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Former chief justice Arthur Chaskalson fulfilled his mission to help create a better South Africa, President Jacob Zuma said on Wednesday.
“Justice Arthur Chaskalson has run his race and fulfilled his mission to contribute to building a better South Africa in which all are treated with dignity,” he told mourners at a memorial service for Chaskalson in Johannesburg.
Zuma said despite his “sharp mind”, Chaskalson would be remembered for his compassion and humility.
“We came to terms with the reality that a colossus who has done so much for this country and its people, was no more.
“Together with his peers... Chaskalson helped demolish the legal fortress upon which apartheid was built, and built the foundation on which our constitutional order is premised.”
Zuma said Chaskalson had inspired the government to reverse the legacy of inequality, poverty and under-development.
Chaskalson's friend and colleague George Bizos SC said the former chief justice did not belong to a political party.
“There were no secrets between Arthur and me. I know he was not a member of any political party.”
Bizos said it was incorrect to say Chaskalson secretly belonged to a political party, because this meant that important information about him was not open to the public.
“This is not the Arthur that I know.”
The SA Communist Party earlier in the week claimed that Chaskalson was secretly a member of the party in the 1960s.
Advocate Jeremy Gauntlett SC, who spoke on behalf on the General Council of the Bar, said Chaskalson would not have joined any organisations.
“In recent days there has been an attempt to claim... (that he was a part of) one grouping.
“Arthur, like (actor and comedian) Groucho Marx would never belong to a club that would have him as a member. He was over and above such things.” Gauntlett said Chaskalson was the “truly great advocate of his time”, who had a legacy of being courteous.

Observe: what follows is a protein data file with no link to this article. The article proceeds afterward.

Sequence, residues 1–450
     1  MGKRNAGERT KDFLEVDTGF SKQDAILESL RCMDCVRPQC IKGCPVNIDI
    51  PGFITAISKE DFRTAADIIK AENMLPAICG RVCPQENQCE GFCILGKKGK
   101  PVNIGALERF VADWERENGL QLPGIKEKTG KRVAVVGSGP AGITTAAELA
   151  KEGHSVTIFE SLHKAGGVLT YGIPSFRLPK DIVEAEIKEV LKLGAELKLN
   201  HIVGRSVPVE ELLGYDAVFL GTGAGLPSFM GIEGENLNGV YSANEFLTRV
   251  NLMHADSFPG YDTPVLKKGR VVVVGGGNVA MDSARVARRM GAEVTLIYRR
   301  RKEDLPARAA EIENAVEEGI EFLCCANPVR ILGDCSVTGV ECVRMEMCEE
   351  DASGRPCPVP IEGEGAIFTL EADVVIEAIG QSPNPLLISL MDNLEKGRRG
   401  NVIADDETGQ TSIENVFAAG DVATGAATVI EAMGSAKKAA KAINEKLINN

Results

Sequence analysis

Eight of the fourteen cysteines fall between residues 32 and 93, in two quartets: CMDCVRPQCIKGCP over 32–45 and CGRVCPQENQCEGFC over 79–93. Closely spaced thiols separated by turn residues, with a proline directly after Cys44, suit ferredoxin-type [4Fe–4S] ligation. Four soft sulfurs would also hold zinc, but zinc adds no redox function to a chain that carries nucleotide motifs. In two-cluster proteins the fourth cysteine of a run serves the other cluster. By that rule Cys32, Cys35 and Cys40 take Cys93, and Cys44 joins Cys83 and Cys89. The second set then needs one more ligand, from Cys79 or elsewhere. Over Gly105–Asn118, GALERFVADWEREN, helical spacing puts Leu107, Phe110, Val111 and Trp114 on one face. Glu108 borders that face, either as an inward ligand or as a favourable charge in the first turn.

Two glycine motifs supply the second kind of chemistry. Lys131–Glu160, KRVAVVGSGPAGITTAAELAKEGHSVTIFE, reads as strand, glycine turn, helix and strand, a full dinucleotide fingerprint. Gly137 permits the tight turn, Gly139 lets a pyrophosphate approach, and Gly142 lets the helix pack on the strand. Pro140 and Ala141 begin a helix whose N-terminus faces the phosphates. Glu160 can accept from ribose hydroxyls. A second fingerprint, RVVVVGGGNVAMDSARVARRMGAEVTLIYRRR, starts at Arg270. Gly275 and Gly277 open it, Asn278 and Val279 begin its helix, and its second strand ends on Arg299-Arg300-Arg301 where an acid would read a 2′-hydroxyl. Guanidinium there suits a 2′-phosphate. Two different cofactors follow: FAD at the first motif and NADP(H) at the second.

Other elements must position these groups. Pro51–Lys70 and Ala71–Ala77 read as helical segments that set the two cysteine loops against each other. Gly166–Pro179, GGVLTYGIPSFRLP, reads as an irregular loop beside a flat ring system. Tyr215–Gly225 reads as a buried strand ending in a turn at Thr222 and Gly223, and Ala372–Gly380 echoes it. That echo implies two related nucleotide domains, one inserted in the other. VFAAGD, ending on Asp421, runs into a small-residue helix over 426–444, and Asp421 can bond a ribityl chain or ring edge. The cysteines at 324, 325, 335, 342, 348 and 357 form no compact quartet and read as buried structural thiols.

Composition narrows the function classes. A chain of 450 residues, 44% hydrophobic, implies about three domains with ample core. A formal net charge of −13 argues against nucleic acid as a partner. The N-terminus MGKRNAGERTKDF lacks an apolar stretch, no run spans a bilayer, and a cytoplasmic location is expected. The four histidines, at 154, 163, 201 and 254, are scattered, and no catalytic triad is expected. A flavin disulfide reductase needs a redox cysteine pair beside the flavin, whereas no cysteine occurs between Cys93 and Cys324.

“He could deflate your tyres when you were not looking, but he did so always with that grace and courtesy.”
Gauntlett said Chaskalson had not succumbed to the “trappings of power”.
“(He showed) how you can be the president of the Constitutional Court and drive what the court clerks called a Toyota 'skedonk' (jalopy).”
Former chief justice Pius Langa said Chaskalson had not wavered in his pursuit of justice.
“He did not just speak, he believed in doing.”
He said the Legal Resources Centre and the Constitutional Court stood as memorials to all he had done to fight for justice in the country.
Legal Resources Centre representative Janet Love spoke of Chaskalson's role in the creation of the centre, and how it defended the rights of those oppressed by apartheid laws.
Chaskalson died at the age of 81 in Johannesburg on Saturday, reportedly of leukaemia.
He was the first president of the Constitutional Court and was chief justice from November 2001 until he retired in 2005.
In 2002, he was awarded the Order of the Baobab, one of the highest accolades the government gives to a South African citizen.
He was buried on Monday in a private, but special official funeral, at West Park cemetery, Johannesburg. - Sapa